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Faiza: From PBS NewsHour Student Reporting Labs

Matt: and WETA Well Beings,

Faiza: this is “On Our Minds”

Matt: with Matt

Faiza: and Faiza –

Matt: a podcast about teenagers and mental health - because life is hard.

Faiza: ... and we’re all going through something - and hearing stories about what other teens are going through and how they're getting better, it helps.

Matt: A note before we get started. Today, we're going to be discussing LGBTQ identity and the challenges that can result when we're not fully accepted or represented. If you or someone you know needs help, we have a list of resources available at

Faiza:  Also, we recommend you listen to this podcast with a friend or a trusted adult.

Faiza: Hi, Matt.


Matt: Hi, Faiza.


Faiza: [00:01:01] And also hello to all our listeners.


Matt: [00:01:08] On today's episode, we're going to be talking to teens about their experiences identifying as LGBTQ, which, stands for lesbian, gay, bi, trans and queer.


Faiza: It can be a confusing time for teenagers if they don't fit into society’s or their parents expectations.


Matt: It can definitely be very difficult and that's something I have dealt with myself and that is something I talk about with Noah later on in this episode, actually, about what the LGBTQ experience looks like in our different high schools, because it can really vary across the country and vary across the different communities we're in.


Faiza: And identifying as LGBTQ is especially difficult for teenagers from immigrant families who hold strict views of gender roles and expectations for their children.


Matt: Nandita is from Georgia. And she felt it's important for these voices to be heard.


Faiza: And she's here with us now. Hi, Nandita.


Nandita: Hi, Matt and Faiza. Thanks for having me.  


Matt: So I have a lot of friends in my school who identify as LGBTQ, who are out to me and or out to other people in the school, but not necessarily their parents. And through our interactions, like, for instance, like if we're going to hang out or something and they'll talk about how they have to like talk to their parents or something like that, it's very clear that they do have this struggle with different cultural values or religious values in their family that can make it harder for them to exist as a member of the LGBTQ community.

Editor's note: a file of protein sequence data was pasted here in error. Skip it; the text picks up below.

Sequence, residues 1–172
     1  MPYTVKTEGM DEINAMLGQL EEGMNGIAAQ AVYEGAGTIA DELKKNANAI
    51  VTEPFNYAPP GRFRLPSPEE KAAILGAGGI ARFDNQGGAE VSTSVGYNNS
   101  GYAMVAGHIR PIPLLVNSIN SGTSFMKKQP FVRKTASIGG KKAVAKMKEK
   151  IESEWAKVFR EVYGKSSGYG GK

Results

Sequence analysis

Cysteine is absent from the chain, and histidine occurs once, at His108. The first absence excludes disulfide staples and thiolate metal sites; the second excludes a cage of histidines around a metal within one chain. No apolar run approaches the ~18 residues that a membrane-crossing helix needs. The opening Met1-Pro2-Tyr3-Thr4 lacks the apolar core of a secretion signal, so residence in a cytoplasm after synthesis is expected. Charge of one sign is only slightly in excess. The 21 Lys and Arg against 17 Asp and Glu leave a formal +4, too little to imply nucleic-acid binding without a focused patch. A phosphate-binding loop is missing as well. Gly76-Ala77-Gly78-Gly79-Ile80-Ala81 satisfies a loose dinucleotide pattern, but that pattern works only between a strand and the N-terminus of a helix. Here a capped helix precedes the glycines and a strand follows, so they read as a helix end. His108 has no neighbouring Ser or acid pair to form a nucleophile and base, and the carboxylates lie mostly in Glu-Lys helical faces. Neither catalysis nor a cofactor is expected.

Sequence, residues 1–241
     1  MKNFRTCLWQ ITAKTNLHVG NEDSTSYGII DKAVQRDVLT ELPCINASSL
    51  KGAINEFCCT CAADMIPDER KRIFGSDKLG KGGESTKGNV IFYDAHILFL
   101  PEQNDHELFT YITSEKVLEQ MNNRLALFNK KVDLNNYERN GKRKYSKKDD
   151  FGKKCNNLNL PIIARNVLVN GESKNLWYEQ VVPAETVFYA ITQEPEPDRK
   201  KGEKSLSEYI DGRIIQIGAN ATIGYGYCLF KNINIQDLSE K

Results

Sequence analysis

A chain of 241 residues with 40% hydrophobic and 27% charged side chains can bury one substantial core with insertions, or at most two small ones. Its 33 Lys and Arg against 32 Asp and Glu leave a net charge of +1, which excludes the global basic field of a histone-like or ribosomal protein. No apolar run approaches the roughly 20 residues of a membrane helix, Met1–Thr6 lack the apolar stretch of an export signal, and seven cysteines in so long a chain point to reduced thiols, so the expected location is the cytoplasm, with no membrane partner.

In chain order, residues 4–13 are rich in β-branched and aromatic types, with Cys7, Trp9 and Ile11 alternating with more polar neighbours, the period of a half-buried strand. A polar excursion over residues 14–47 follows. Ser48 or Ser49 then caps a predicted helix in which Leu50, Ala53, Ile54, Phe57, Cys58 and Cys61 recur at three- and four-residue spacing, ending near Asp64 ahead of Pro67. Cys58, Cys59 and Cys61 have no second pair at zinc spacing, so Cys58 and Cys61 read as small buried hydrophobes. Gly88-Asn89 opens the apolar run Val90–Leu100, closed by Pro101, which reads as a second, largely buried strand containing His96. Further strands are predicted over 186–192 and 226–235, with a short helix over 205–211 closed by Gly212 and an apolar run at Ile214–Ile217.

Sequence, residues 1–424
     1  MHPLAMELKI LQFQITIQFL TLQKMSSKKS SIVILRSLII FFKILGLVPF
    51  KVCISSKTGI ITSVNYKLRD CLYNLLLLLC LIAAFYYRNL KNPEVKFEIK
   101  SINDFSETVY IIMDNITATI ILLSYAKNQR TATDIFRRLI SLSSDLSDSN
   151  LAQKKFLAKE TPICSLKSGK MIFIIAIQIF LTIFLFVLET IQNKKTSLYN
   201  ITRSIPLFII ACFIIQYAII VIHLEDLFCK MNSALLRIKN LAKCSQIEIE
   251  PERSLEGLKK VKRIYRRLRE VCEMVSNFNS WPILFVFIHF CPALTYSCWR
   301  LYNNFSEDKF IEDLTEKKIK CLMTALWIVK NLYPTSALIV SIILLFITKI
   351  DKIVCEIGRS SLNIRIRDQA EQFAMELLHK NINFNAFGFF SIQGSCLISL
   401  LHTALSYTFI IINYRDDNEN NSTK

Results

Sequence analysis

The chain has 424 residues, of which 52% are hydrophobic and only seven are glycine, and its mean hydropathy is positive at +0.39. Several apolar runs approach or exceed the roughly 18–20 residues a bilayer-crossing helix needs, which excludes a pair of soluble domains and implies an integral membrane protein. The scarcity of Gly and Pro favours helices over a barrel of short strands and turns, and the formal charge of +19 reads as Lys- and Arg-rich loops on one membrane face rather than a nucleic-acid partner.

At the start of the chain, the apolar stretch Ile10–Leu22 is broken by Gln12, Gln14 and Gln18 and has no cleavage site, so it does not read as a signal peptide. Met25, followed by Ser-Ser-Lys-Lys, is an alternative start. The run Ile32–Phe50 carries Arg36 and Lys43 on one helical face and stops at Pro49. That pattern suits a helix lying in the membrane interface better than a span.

Nandita: So there isn’t a lot of representation for people of color in queer spaces, and when people are trying to balance a bunch of different cultural values, it can be comforting to see they are not alone because … It can be really hard to hide yourself. It's difficult to see people all around you hanging out with their significant others and showing displays of affection. But when you imagine doing that with your partner, you get a lot of criticism. And so it feels really unfair at times.


Faiza: I also understand it was really difficult for the teens you interviewed to share their stories publicly.


Nandita: Yeah, so the people I interviewed are all closeted. And so we had to go to discrete locations away from their parents. Like we had to go to parking lots behind restaurants. We had to record at night. So their parents were asleep and wouldn't hear them talking about this because they would get a lot of backlash from their parents And some people agreed to be a part of this project at first. But then as they started talking about it, they figured out that these things were actually pretty painful to talk about, and they decided they didn't want to be a part of the project anymore, so they backed out.


Matt: We want to thank you very much for sharing these important stories. And in order to protect their privacy, the following students use pseudonyms, and their voices are slightly changed.


Claire: Hi. My name is Claire, and I am an 18 year old girl I’m of Eastern European and Hispanic descent.